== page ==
After today’s pulsating Old Firm epic, Rangers earned their way to a well-deserved point in interim coach Graeme Murty’s final stand before returning to his conventional duties in charge of the U20s.
But watching from the Parkhead seats, his successor Pedro Caixinha was an interested spectator, assessing his charges in person before he takes his place in the Ibrox hotseat tomorrow, and there was a huge amount for the new man to ponder as he begins the monumental task of trying to reverse Rangers’ ailing fortunes of late.
With that said, Ibrox Noise gives you a few things our new manager would surely have learned about his squad from this epic encounter at Parkhead.
This Rangers unit has more heart than it showed under the last manager. For various reasons, the bread man lost the dressing room many many months ago, and his squad no longer believed in him. This afternoon, every blue shirt gave their all, regardless of quality, and that last-gasp equaliser was a truly earned point for a team who gave it to themselves, our fans, and a temporary coach who has received plaudits from all and sundry. If Caixinha can cultivate that heart, and keep it beating like it did today, Rangers could well find their fortunes in the ascendancy quicker than we feared.
Despite the morale-boosting result which stopped our old rivals going even further clear, it was surely evident to Caixinha that a great number of players are painfully below the standard even needed for second place. Jason Holt, James Tavernier, and especially Martyn Waghorn had mostly awful afternoons, as has been the case all this season. If Rangers are to keep this present momentum, players like these might just have to be sacrifices.
Rangers’ defence is much better when it is properly organised. Today we saw Celtic limited to very few gilt-edged chances, with a back four who worked like dogs and never dropped concentration for even a second. While Murty is not quite Capello, he still put together a system which suffocated Celtic’s normally potent wing attack, and restricted them to trying overhead lobs to get behind. It worked brilliantly, and now Caixinha knows, defence-wise, he might have better players than they have shown under previous abysmal management.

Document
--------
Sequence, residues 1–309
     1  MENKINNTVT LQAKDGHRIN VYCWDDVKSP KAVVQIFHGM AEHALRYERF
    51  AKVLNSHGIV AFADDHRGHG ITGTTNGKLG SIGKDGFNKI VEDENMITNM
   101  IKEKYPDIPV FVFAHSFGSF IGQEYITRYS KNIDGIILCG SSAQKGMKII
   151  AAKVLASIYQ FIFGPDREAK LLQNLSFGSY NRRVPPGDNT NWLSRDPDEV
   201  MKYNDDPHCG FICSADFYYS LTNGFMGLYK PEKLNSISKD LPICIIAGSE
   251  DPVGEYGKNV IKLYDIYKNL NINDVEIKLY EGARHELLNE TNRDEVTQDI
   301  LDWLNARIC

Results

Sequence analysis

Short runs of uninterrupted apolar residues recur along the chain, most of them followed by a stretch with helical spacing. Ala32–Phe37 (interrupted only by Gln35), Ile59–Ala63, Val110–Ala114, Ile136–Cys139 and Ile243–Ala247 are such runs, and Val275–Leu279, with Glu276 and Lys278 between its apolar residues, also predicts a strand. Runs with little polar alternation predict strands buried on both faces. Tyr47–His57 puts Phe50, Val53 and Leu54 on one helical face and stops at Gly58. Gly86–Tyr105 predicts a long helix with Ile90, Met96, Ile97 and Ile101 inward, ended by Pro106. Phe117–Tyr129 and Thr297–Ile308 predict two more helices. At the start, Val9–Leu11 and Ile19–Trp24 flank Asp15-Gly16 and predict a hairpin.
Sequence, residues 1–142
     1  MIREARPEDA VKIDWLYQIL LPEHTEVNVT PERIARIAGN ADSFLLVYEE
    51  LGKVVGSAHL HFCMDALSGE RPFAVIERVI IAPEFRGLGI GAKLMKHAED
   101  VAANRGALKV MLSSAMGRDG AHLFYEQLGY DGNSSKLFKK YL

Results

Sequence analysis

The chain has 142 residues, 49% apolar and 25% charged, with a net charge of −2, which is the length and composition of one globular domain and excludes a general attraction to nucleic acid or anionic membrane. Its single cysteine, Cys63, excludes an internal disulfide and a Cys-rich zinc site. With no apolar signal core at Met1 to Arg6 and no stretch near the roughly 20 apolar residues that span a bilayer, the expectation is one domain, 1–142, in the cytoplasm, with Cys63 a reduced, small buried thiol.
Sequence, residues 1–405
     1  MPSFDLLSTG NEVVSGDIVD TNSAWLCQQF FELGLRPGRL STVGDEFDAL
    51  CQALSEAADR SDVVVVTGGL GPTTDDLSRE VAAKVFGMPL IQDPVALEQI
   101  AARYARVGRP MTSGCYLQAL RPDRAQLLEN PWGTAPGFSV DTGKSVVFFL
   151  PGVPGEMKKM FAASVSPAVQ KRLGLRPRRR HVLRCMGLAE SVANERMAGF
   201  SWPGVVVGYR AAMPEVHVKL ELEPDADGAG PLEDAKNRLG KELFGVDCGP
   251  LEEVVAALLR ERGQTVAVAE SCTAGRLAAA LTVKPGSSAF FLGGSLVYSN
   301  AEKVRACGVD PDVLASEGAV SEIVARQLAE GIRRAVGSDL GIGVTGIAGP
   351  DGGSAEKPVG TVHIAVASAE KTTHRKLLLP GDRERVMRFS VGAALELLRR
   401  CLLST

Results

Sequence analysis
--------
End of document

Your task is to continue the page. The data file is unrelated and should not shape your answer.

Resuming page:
Lee Hodson is Rangers’ best right back since Alan Hutton. Better than Whittaker (hardly major competition otherwise, true) and easily the best since 2012. Surely our new manager will see he was Rangers’ outstanding performer and, in concert with his colleagues at the back, completely suffocated Scott Sinclair, limiting him to essentially nothing. He was a major cause of why Celtic were so impotent up front, and even Dembele had little joy.
Danny Wilson deserves a lot more credit than he has ever received – sure, he is not Mr Consistent and does make a few errors, but alongside Hill Rangers’ central defence was able to withstand even the most penetrative assaults, with Foderingham only being called into a few decent saves. His opposite number, Craig Gordon, did far more critical work. Wilson had a stellar afternoon.
Martyn Waghorn will never have the composure up front to be a great Rangers striker. He has few goals this season in the league for reasons we saw today – two absolute belting chances and his best effort to was hit low at the keeper twice. But he did keep plugging away and despite running out of gas well before 90 minutes still kept trying and you cannot ask for more.
Rangers still badly need a ‘Barry Ferguson’ or dare I say it ‘Scott Brown’ type creative enforcer from deep midfield to dominate. Emerson Hyndman simply is not that kind of player, and while he had a solid afternoon, he will never be able to impose himself like a ‘regista’. Instead he works hard, has nice touches, uses his vision well and rarely wastes a pass, but cannot really influence as much as Rangers probably need.
Barrie McKay does have off days. ‘nuff said.
Caixinha has much to ponder overnight and over the coming days. What will be his selection for the visit of Hamilton on Saturday – will he make rasping changes or try to stick with present momentum? And will the formation remain as far away as possible from 4-3-3?
Time will tell, but at least Rangers’ new boss probably feels like he has learned a lot and has something to work with today.